The second key phrase is “twice the daily performance”. In a volatile market this can mean huge potential losses that are difficult to recover from. In Table 2, we show a sequence in which the leveraged ETF was brought to the edge of ruin, losing almost half of its value in twelve market days.

SSO daily return Chart

At the end of this period, the S&P 500 has lost 25% of its value and now needs a 33% gain in order to break even. But that won’t be enough for the leveraged ETF, which now demands a 40% gain in the underlying index in order to make up the losses. It takes more effort for the leveraged ETF to recover than the underlying index.

Like the 7.1% expense, this performance penalty isn’t intuitive. Yet it’s simple multiplication. A 25% gain erases a 20% loss, but a 50% gain will not erase a 40% loss. The damage done by doubling negative returns is worse than the benefit gained by doubling positive returns.

Thus the leveraged ETF has taught us two valuable lessons: First, unexpected expenses can wipe out returns over time and significantly lower the breakeven point for an investment, and the best way to find these expenses is by comparing expected returns to actuals. And second, boosting both positive and negative returns can drive a portfolio into a ditch that is just about impossible to climb out of, even if the underlying index does recover.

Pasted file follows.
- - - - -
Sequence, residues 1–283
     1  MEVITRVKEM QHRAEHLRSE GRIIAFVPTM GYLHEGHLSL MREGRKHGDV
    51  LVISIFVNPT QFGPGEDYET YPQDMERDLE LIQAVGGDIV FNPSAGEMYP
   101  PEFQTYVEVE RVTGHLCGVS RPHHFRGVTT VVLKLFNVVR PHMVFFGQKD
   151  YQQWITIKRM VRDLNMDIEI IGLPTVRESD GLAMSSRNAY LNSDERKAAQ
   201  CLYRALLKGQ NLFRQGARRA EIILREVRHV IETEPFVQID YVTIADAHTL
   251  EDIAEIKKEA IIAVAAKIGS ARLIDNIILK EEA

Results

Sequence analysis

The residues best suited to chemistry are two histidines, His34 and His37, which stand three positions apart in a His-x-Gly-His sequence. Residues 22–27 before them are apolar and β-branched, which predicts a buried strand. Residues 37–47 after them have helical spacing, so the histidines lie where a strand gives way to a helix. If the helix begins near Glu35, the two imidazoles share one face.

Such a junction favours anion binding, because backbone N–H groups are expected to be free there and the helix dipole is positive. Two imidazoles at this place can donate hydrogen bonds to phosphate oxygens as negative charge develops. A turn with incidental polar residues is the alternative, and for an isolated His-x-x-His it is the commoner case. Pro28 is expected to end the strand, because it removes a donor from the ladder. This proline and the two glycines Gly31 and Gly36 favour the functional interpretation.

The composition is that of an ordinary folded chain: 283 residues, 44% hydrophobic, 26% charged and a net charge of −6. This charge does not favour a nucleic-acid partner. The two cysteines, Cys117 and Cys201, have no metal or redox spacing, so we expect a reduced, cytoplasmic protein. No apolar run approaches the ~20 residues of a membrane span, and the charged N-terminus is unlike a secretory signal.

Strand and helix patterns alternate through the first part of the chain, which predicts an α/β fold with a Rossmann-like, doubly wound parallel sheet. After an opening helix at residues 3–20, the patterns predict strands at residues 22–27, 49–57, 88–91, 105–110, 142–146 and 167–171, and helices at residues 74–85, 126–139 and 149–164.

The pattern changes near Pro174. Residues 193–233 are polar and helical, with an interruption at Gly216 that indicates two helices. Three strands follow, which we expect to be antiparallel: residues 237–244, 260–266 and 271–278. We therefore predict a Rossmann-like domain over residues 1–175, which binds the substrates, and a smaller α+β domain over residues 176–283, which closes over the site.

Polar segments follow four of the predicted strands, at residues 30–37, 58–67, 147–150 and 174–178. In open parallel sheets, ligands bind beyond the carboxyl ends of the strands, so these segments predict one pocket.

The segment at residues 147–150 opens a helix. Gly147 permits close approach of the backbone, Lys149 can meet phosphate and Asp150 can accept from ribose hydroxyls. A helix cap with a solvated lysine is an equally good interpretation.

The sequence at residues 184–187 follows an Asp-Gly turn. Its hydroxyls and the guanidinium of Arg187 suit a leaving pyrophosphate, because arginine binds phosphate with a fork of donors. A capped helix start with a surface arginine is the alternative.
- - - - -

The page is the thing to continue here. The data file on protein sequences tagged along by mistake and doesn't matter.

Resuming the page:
In part 2 of this article, we will learn how intelligently managing a portfolio’s changing market exposure can boost returns and lower risk, and how to use that technique to build a better leveraged ETF or investment portfolio.

Tristan Yates is the author of Enhanced Indexing Strategies: Utilizing Futures and Options to Achieve Higher Performance and writes articles on index investing, options strategies, and leveraged portfolio management for Investopedia and Futures & Options Trader. He also helped lead the $1T Fannie Mae securities restatement. Yates has an MBA from INSEAD, a leading international business school.

Have You Switched to ConnorsRSI?

ConnorsRSI is the first Quantified Momentum Indicator -- the next-generation improvement to traditional RSI indicators. At Connors Research, we are using it as an overlay to many of our best strategies to make them even better -- now you can, too.

Enter your email address to get your FREE download of our Introduction to ConnorsRSI - 2nd Edition - Trading Strategy Guidebook with newly updated historical results.